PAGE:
Dr. Ilias Yee explains about the symptoms, modes of transmission, treatment and prevention of Chlamydia.
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Chlamydia infection is a common sexually transmitted infection (STI) in humans caused by the bacterium Chlamydia trachomatis. The term Chlamydia infection can also refer to infection caused by any species belonging to the bacterial family Chlamydiaceae.
For those who have the symptoms which are non-specific, should seek proper diagnosis before getting treatment.
Chlamydia is a sexually transmitted infection. It is one of the most common sexually transmitted infections in the UK. If left untreated, the infection can cause infertility in women, and can increase the likelihood of passing on HIV. Although anybody who is sexually active can get chlamydia, the infection is more common in some groups, most notably young women or gay men.
Chlamydia is caused by bacteria called Chlamydia trachomatis. It can be transmitted during anal, oral and vaginal sex if no condom is used (unprotected sex), and can affect the anus, penis, cervix, throat and eyes.
Untreated chlamydia may make a person with HIV more infectious because untreated sexually transmitted infections can increase viral load in genital fluids.
Having chlamydia can also make it more likely that an HIV-negative person will be infected with HIV if they are exposed to the virus.
Chlamydia can also be passed on from mother to child during childbirth and can affect the baby’s eyes, and cause pneumonia.
Using a condom for anal, oral or vaginal sex is an effective way of avoiding infection with chlamydia or passing the infection on to somebody else.
People who are sexually active are advised to have regular sexual health check-ups, where they will be tested for chlamydia and other sexually transmitted infections.
Most HIV treatment centres have an associated sexual health clinic, where confidential and free treatment can be obtained without referral from your GP or HIV doctor.
Symptoms of chlamydia normally occur one to three weeks after infection. However, many people who have chlamydia are unaware that they have the infection. It is thought that as many as 75% of women with chlamydia, and 50% of men with chlamydia have no symptoms.
When symptoms do occur, in men it usually consists of a milky discharge from the penis, particularly in the morning, and a burning sensation when urinating. Chlamydia can also cause the testicles to swell. If a person has been infected anally, there may be soreness around the anus and a discharge.
Women with chlamydia may notice a milky discharge from the vagina and/or lower abdominal or back pain, or pain when having sex. There may also be vaginal bleeding during sex and bleeding between periods.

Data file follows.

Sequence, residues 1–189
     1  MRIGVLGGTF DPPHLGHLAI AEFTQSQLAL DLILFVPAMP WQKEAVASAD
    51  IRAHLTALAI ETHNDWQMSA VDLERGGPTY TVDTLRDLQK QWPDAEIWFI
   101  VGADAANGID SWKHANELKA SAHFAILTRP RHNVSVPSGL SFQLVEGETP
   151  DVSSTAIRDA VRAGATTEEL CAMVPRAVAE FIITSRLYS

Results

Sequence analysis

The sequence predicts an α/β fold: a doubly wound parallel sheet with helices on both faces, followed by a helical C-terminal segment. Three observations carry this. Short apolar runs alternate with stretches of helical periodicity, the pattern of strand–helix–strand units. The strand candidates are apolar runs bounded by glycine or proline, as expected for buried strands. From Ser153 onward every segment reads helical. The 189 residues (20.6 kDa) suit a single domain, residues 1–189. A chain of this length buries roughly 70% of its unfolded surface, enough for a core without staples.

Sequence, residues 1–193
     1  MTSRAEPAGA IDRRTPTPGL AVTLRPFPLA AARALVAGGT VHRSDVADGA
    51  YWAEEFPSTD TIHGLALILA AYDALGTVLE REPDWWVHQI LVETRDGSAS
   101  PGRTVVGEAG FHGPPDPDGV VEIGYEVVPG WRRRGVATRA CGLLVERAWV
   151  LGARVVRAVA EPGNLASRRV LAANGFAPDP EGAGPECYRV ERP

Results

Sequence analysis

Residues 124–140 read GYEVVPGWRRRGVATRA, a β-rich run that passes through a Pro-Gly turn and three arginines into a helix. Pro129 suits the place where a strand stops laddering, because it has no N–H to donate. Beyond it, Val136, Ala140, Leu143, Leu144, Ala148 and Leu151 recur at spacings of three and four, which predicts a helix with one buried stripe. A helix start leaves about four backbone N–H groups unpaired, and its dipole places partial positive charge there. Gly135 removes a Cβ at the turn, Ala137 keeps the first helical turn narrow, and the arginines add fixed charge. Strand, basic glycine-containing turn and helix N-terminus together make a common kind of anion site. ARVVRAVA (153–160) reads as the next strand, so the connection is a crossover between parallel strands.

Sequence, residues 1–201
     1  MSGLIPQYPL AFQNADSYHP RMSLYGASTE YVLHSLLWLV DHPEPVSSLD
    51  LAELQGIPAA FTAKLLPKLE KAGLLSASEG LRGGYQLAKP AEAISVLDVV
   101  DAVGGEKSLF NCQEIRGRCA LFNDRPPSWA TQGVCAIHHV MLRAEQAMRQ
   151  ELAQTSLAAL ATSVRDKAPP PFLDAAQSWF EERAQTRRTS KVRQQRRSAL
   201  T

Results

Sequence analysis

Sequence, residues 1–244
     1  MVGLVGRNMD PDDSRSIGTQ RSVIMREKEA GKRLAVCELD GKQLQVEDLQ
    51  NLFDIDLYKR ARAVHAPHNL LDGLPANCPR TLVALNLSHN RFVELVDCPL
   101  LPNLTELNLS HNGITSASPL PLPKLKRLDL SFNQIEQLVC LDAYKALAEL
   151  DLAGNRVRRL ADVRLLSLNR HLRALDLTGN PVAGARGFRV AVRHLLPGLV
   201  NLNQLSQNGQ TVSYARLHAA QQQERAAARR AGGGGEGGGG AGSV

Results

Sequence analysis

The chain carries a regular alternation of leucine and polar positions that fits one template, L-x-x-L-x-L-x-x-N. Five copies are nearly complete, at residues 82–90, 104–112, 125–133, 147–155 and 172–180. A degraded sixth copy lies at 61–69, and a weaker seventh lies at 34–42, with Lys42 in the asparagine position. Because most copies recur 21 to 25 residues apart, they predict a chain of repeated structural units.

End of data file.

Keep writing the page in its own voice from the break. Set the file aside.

If chlamydia is left untreated it can lead to pelvic inflammatory disease (PID) in women, which can cause ectopic pregnancy (pregnancy outside the womb), infertility, and even death in very extreme cases.
Men are less likely to develop serious complications, though untreated chlamydia may cause infertility. Both men and women may develop arthritis as a consequence of untreated chlamydia.
A general sexual health check-up at a genitourinary medicine (GUM) or sexual health clinic will include a test for chlamydia.
GUM clinics offer free, confidential and open access treatment. You don't had to be referred by your GP. Some HIV clinics also offer sexual health screening. Chlamydia is usually diagnosed by checking a urine sample, and if chlamydia is suspected in the throat and anus, swabs may be taken to see if the infection is present there.
Chlamydia is often the cause of non-specific urethritis (NSU), the symptoms of which are very similar, and which is diagnosed and treated in the same way.
It can take up to a week for tests to show if chlamydia is present and it is important to contact your clinic for the result of your test so treatment can be given if the infection has been detected.
Chlamydia is treated with antibiotics. Normally this consists of a seven-day course of doxycycline, or a single dose of azithromycin. It is important to take all your tablets to ensure that the infection is eradicated from your body. You may still have symptoms for a few days after taking azithromycin as the antibiotic takes time to work.
When chlamydia is diagnosed you may be given the opportunity to see a health adviser. Health advisers can give you information about safer sex and how to protect your own and other people’s sexual health. They may also ask you to help them, where possible or practicable, to contact your sexual partners so they can be tested and treated too. In turn, this is intended to prevent you from becoming reinfected through continuing to have sex with someone who is themself infected.
You may be asked to return a week later for a test to see that you have been cured. To prevent reinfecton, you should not have unprotected sex (sex without a condom) until your treatment is finished.